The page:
The Orleans Parish District Attorney’s Office that Leon Cannizzaro walked into nearly six years ago was by most accounts a listing vessel — racked by dysfunction, too slow to charge many locked-up defendants before the constitutional clock expired, and willing to refuse half the cases submitted to it by police.
Its last elected leader, Eddie Jordan, had resigned under a dark cloud more than a year earlier. Between Cannizzaro’s 2008 runoff victory and his January 2009 swearing-in, a federal appeals court upheld a $14 million judgment against the office in the case of former death row inmate John Thompson, who was freed after the discovery of key evidence hidden by a prosecutor.
The bill amounted to more than the office’s total annual budget, threatening to cripple its operations.
“Please keep us in your prayers,” Cannizzaro said at his inauguration.
Nearly six years later, the 61-year-old former judge delivered a far more assured message in a speech last month, touting a criminal justice system he labeled “perhaps the strongest ... in the modern era of the city.”
That might seem like a weak boast in a city with a bloated violent crime rate, a storied reputation for police corruption and a lengthy roster of overturned prosecutions. Yet as he prepares for a new six-year term, following the Louisiana Supreme Court’s decision last week to remove sole challenger Lionel “Lon” Burns from the ballot, even some of the DA’s critics acknowledge significant strides in the efficiency and potency of the office — often to the chagrin of criminal defendants and their attorneys.
A paper-thin U.S. Supreme Court majority overturned the judgment for Thompson, and the District Attorney’s Office has stabilized under Cannizzaro’s watch, some observers say, allowing it to focus on some of the more endemic troubles within the city’s justice system.
In the meantime, the Metropolitan Crime Commission has heaped praise on the office and police for mending a historically chilly relationship enough to drive up the share of felony arrests that lead to convictions and prison time, particularly for violent crime and weapons offenders.
Felony arrests led to felony convictions in 45 percent of the cases in Orleans Parish from 2012, according to the latest MCC report. While short of the national average of 54 percent, that figure is well above the 25 percent “arrest-to-conviction” rate in the city during the years just before and after Hurricane Katrina.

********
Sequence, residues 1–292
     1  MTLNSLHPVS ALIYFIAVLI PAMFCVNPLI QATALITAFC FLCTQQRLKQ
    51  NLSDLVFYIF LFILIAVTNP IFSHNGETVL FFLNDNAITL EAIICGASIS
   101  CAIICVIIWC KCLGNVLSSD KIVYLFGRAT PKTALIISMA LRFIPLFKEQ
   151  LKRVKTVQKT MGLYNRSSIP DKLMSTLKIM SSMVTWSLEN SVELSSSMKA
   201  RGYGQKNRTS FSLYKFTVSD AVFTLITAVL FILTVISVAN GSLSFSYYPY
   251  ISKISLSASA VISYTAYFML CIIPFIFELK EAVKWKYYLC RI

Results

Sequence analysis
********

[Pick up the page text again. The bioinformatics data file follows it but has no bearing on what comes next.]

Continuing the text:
Putting more people in jail
For better or worse, Cannizzaro’s office also is putting far more people behind bars, in raw numbers, than his predecessors, according to MCC figures.
Despite a 25 percent decline in felony arrests from 2007 to 2012, the number of those arrests resulting in jail time for convicts is up by an estimated 82 percent, to more than 1,400 a year, during that time.
Some think the excitable Cannizzaro, a former Criminal District Court judge, has learned from and quietly adapted to early missteps, although some defense attorneys say he clings to a bull-headed prosecutorial agenda that favors convictions and hefty prison sentences over justice.
Gone, at least publicly, is the combative stance that once had him openly dare the dozen judges at the criminal courthouse to pull up their socks and work harder, and then to urge state prosecutors to go after them over bonus medical coverage that he once enjoyed himself in his 17 years on the bench.
His 2011 challenge to the judges to conduct 600 jury trials in a single year never came close to materializing, though it rankled the judges. These days, Cannizzaro is far more willing to cut plea deals that may reduce the charges but still carry stiff prison sentences, MCC President Rafael Goyeneche said.
“Rather than beat his head against the wall, what he started to do was plea-bargain cases,” Goyeneche said. “I think he’s learning from his mistakes, rather than trying to repeat the same methodology to get the same results.”